Gandhi: No Longer A Mahatma?

Thirtieth of January is marked as Shaheed Divas, or Martyr’s Day in India, the reason being that this was the day Mahatma Gandhi was assassinated.

A child in the seventies and a youth in the eighties, I grew up with the fact that Gandhi was a Mahatma – a great soul. Initially I accepted it as something that was true because it was told to me by teachers, parents and society at large.

Later on, as I read his works and was able to appreciate his perspective on the myriad issues that he confronted, as well as his strength and resolve in handling them, this belief was reinforced.

As I grew older, I was exposed to his shortcomings and his very human frailties as well, but somehow, instead of bringing him down, my esteem for him grew. For he was not some super human who was always right and always knew exactly what needed to be done, but a human being like the rest of us, who nevertheless managed to achieve impossible goals.

Today, he is acclaimed the world over for his policies of non-violence and satyagraha as a means of protest. But back in the day, he could not have known the effect these methods would have – just a firm belief that this was the right way to go about it. And the courage – both physical and moral, to follow through on his beliefs.

It is very easy for us today, with the benefit of 20-20 hindsight, to think that this was something that was natural and obvious, but it was not so. Our natural, instinctual reaction to injustice and violence is to respond in kind, with violence – or, to flee. This is the fight or flight reaction, the survival instinct, has been a part of us for thousands of years, and is tremendously difficult to resist. That he was not only able to subdue it in himself, but was able to get millions of his fellow citizens to do the same is nothing short of a miracle.

He also understood that political independence would be meaningless for the vast majority of our countrymen without economic independence. Which is why, he intertwined both by making them a single battle – be it the Dandi march for the right to make salt or the Champaran movement for indigo farmers. His promotion of homespun khadi was as much a fight against the cheap fabric from Manchester as an employment and income generation opportunity for poor weavers.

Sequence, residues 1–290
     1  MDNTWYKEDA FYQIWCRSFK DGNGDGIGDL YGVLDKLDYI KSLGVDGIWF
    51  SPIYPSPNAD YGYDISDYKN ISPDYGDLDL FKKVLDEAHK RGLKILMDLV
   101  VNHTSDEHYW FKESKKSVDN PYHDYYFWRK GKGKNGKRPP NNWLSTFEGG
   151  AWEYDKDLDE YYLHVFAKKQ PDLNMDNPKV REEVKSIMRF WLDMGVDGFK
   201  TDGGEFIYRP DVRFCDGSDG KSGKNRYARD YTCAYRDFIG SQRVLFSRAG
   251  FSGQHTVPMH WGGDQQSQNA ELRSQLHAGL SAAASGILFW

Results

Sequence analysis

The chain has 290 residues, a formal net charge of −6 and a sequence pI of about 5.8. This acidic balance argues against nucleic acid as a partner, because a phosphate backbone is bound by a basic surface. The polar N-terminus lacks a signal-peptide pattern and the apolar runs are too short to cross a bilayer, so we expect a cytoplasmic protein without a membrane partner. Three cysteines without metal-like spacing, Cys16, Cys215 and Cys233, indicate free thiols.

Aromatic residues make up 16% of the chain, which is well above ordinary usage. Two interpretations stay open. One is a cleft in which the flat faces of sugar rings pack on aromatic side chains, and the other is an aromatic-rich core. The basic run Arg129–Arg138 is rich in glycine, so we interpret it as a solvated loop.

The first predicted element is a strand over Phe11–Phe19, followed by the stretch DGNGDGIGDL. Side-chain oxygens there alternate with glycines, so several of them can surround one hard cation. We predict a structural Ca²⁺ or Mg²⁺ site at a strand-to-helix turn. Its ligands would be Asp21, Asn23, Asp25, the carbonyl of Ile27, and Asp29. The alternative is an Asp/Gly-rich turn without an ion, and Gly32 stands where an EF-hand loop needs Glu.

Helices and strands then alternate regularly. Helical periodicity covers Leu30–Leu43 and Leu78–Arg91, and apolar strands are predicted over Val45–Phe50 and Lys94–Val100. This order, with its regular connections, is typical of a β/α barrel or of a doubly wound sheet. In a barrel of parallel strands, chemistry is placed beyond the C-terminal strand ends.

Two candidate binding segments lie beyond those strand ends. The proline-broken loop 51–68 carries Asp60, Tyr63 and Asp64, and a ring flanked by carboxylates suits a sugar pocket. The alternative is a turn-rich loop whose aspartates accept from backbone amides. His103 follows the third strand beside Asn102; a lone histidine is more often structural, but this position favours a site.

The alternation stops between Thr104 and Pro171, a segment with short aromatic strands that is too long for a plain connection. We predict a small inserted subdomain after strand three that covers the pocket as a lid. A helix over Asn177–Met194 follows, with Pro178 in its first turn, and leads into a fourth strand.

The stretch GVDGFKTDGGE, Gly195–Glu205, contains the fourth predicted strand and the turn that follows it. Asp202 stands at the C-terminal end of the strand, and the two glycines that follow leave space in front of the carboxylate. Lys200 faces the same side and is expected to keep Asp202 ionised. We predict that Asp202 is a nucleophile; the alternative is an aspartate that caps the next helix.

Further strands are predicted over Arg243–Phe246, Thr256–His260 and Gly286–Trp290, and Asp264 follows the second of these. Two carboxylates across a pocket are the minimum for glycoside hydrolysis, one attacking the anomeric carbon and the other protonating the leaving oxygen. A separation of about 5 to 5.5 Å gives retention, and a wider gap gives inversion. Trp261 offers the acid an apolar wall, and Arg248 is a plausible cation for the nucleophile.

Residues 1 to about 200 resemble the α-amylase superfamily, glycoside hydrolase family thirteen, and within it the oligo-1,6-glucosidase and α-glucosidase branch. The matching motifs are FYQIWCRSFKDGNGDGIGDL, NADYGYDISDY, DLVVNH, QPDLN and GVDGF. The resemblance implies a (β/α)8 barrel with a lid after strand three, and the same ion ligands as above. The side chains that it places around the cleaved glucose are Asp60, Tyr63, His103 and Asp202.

Gandhi also understood that whichever way we define a nation, there will always be differences between its inhabitants. Be it political, religious, sectarian, caste, economical or in any other such dimension, these differences had the potential to tear the nation apart. And the only way to bring together a diverse population as it is in India, was to embrace complete inclusivity. Where all other identifiers are cast away and every citizen is treated with equal respect.

But while he was successful in bringing about a behavioural change in subduing the fight or flight response, for whatever reasons, he was unsuccessful in making quite a large number of our citizens understand the need for inclusivity. This failure is what provoked Jinnah to propose and implement his two-nation theory, for he probably foresaw a day when the majority would seek to curb the rights of the minorities.

For many like me from my generation, seeing the portrayal of Gandhi as a villain and the glorification of those dishonouring his memory, while at the same time claiming to honour and respect him as the Father of the Nation, highlights the cognitive dissonance that is present in our society today, and is deeply disturbing.

What is more distressing is the number of people who apparently hold the view that his assasination was justified and his assassin is the true hero, for this appears to go against everything that we have grown up holding as sacred – Truth, Non-Violence, Dignity of Labour, Equality, Respect for all Religions and Individuals…

There is another aspect of this too – recognition of the cognitive dissonance that the supporters of Nathuram Godse’s views must have experienced all these years, as he was being reviled as the killer of the nation’s Bapu. It has taken seventy four years, but at last, now they would be finding relief.

As a nation, we are at a crucial crossroad where we need to choose which way to go. And this decision will have far-reaching consequences, not just for us, but for our future generations.

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